“I’ve written to ASIC seeking an urgent investigation into which entity owns these massive projects threatening our Reef and climate,” Senator Larissa Waters, Australian Greens environment spokesperson, said in a statement on Thursday.

“They appear to be handing over the safety of the Reef to shell companies registered in Singapore and the Cayman Islands,” Waters said.

“Both Labor and the Liberals so are wedded to coal, rather than transitioning to renewables, that they’re looking the other way on Adani’s murky ownership and taxation arrangements.

Certainly, Labor’s unexpected support of the coal projects flies in the face of analyst warnings that the proposed mines are, quite simply, uneconomic.

As energy analyst Tim Buckley wrote here in January, the election result had been expected to return the focus of Adani’s $15 billion Carmichael proposal to the “key questions of financial viability and strategic logic in the face of the structural decline of seaborne thermal coal markets.”

Buckley, who describes the commercial viability of Adani’s Carmichael proposal – without government support – as “highly questionable”, has long argued that there is no market for Gaililee coal, not even in energy poor India.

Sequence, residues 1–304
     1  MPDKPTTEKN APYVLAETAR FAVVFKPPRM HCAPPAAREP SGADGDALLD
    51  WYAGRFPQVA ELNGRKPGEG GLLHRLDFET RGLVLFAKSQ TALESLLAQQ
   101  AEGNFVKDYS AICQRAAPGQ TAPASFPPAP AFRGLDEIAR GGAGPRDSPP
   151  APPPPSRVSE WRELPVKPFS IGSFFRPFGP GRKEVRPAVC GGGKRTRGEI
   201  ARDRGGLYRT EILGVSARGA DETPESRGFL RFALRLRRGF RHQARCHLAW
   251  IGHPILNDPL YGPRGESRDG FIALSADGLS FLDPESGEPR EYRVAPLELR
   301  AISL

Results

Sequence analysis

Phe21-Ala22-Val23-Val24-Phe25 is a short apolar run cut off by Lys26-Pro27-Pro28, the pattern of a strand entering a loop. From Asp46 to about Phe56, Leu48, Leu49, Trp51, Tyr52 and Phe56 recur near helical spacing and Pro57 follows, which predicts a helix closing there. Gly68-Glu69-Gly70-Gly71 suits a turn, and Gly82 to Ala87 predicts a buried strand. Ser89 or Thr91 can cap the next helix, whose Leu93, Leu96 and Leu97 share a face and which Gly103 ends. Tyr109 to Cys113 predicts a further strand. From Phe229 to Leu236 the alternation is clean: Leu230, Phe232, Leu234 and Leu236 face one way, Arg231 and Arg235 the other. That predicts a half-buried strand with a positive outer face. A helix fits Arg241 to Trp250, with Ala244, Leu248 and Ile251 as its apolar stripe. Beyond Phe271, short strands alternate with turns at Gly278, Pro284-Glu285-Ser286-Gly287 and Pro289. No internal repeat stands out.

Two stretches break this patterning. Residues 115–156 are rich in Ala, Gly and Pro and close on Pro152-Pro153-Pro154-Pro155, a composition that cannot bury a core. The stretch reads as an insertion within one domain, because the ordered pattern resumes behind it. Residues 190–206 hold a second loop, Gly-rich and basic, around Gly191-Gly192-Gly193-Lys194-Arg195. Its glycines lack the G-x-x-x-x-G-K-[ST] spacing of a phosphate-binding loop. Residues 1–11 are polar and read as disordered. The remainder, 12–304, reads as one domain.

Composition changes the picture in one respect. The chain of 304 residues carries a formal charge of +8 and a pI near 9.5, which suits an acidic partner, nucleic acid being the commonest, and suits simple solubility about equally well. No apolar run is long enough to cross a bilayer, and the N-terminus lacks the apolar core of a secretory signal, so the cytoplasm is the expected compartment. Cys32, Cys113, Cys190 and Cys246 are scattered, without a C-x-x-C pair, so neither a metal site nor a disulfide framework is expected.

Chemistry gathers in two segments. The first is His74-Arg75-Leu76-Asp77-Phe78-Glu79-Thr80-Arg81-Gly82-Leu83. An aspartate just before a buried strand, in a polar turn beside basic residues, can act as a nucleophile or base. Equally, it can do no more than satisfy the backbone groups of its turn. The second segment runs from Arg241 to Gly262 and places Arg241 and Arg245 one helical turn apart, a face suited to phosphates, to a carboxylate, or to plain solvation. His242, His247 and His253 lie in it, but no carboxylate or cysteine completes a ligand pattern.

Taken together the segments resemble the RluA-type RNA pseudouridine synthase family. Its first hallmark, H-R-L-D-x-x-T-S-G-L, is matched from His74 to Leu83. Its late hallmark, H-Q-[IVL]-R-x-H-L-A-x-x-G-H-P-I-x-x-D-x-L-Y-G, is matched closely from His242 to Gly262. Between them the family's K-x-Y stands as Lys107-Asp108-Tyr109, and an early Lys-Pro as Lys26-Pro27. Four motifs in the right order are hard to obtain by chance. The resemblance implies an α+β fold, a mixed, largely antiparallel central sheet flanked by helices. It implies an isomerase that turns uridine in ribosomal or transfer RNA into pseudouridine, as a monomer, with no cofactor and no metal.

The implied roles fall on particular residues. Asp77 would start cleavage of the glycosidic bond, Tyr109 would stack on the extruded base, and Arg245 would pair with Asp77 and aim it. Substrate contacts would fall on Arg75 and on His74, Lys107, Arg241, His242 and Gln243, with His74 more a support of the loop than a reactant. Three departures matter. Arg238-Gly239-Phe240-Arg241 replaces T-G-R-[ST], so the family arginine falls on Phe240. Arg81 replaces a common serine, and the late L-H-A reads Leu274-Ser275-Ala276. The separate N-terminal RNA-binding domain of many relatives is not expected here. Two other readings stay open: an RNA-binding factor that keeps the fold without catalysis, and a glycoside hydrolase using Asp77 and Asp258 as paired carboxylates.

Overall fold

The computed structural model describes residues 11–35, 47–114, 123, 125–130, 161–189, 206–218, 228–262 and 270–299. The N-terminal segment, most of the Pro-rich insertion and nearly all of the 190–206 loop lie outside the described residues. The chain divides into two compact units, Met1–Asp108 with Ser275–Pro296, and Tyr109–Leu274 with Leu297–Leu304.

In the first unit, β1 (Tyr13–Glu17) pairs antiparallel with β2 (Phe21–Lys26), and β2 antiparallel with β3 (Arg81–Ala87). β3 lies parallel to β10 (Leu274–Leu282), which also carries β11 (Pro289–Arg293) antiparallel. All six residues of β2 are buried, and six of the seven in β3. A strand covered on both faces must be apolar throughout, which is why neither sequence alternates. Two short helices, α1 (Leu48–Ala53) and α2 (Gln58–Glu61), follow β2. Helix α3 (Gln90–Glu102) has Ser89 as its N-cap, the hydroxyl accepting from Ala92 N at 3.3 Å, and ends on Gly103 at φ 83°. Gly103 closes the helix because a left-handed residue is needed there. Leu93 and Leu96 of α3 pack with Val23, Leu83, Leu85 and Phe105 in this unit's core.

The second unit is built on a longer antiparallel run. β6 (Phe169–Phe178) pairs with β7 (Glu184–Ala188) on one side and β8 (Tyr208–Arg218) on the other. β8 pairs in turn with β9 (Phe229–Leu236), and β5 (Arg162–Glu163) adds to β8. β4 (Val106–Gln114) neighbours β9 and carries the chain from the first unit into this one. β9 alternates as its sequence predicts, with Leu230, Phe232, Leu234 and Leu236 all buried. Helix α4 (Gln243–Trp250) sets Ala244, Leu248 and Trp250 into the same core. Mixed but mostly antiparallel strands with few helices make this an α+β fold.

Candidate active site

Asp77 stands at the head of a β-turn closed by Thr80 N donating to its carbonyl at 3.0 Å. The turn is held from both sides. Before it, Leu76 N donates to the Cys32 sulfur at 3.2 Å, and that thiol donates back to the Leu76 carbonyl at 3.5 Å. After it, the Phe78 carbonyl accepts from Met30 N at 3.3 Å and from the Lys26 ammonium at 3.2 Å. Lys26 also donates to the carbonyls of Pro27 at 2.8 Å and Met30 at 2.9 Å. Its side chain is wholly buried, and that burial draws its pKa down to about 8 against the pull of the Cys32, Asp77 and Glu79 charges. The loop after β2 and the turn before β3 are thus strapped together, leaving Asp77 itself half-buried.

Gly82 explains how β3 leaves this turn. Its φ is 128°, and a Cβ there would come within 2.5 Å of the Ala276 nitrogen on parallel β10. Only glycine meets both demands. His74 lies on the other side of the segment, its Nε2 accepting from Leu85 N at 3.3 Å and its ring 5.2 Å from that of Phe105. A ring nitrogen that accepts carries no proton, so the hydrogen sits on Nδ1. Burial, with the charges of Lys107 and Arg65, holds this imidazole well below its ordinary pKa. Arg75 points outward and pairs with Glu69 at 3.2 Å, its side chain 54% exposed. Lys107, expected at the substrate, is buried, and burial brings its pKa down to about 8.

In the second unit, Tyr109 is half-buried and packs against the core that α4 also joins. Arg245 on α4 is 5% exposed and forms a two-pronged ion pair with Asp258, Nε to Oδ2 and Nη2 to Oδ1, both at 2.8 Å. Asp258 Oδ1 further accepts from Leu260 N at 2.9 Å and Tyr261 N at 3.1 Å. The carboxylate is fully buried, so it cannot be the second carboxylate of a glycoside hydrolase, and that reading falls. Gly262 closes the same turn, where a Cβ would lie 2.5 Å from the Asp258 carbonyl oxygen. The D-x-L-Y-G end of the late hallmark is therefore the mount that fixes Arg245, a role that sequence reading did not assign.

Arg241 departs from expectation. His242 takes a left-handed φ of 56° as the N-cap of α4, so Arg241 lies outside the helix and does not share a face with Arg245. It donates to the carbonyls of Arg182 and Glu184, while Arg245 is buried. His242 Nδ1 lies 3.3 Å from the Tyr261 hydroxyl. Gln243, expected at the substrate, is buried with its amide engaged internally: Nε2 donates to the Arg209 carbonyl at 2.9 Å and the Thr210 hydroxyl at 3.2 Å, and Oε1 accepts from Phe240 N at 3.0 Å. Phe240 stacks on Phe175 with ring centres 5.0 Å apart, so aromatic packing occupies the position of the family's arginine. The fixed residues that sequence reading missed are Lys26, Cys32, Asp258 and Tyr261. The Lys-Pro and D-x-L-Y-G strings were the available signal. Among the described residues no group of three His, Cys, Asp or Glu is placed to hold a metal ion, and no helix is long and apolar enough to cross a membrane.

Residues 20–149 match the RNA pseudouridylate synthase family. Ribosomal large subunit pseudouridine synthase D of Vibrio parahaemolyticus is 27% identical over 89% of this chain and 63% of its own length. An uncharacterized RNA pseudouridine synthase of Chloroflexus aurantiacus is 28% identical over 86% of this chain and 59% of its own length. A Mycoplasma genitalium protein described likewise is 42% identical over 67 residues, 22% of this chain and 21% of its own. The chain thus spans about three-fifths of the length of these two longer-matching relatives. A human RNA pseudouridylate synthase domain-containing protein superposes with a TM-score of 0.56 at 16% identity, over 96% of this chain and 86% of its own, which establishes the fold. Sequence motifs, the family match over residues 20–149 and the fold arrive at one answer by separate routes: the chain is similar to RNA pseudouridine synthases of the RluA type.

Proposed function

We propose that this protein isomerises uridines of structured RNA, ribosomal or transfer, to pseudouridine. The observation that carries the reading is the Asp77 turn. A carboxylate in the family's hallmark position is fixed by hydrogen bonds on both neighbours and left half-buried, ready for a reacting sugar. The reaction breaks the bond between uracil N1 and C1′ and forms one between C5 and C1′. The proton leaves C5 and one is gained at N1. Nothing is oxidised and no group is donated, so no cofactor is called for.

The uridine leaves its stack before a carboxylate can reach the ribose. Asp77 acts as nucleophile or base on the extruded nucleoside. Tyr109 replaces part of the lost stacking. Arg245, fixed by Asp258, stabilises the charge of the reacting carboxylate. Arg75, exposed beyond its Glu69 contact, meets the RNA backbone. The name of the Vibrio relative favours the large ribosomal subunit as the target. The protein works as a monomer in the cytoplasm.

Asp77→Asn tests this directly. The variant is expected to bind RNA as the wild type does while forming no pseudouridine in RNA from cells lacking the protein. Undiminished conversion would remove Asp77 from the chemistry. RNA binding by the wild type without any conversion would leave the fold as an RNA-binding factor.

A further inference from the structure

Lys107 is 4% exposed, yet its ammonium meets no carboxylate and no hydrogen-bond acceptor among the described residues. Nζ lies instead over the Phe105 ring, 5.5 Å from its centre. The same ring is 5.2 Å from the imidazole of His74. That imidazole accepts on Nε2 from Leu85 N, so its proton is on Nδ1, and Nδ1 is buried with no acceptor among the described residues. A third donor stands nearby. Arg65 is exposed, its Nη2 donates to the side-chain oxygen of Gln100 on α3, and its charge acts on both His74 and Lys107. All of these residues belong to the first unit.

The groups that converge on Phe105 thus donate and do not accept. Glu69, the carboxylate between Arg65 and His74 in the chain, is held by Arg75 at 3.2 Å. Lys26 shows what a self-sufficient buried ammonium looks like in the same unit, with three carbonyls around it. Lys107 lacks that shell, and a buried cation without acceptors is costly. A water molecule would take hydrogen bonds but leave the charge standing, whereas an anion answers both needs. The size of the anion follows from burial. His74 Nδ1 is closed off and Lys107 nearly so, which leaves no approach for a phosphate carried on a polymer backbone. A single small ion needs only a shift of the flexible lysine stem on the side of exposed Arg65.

“The 60 per cent decline in coal prices over the last four years reflects significant oversupply and weaker than expected demand,” he said.

“Flooding the seaborne coal market with a further 30% increase in global supply is against Australia’s national interests.”

It is also against the interests of many of Australia’s major trading partners, he adds, to mine the remote and lower quality coal of the Galilee Basin in the face of increasing global action on climate change.

Indeed, a total of nine global banking groups – including US giants Citigroup, Goldman Sachs, and JPMorgan – have formally declared they will not finance the proposed coal projects and export terminals in light of the associated environmental and economic impact.

And in China, where some predict demand for imported coal could halve by 2020, the huge popularity of a new documentary about air pollution has moved analysts at Merrill Lynch to warn investors about the film’s potential impact on coal miners and generators, if it leads to increased Chinese government efforts to reduce coal consumption and promote alternative energy.

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35 Comments
  1. Beat Odermatt 4 years ago

    It shows that parties such as Labor do not want renewable energy after all. All the hypocritical bullshit about caring for the environment is quickly forgotten after they won the election.

    • Steve Young 4 years ago

      The government said before the election it would not allow dumping on the reef and would not provide any financial assistance. After the election the government isn’t allowing dumping on the reef and isn’t providing any financial assistance. So what exactly is the problem?

      If this project is not financially viable, as claimed by Tim Buckley, it will not go ahead (as it will not secure finance). The idea that governments can ignore planning laws and ban a project because it feels like, shows a poor understanding of our legal system.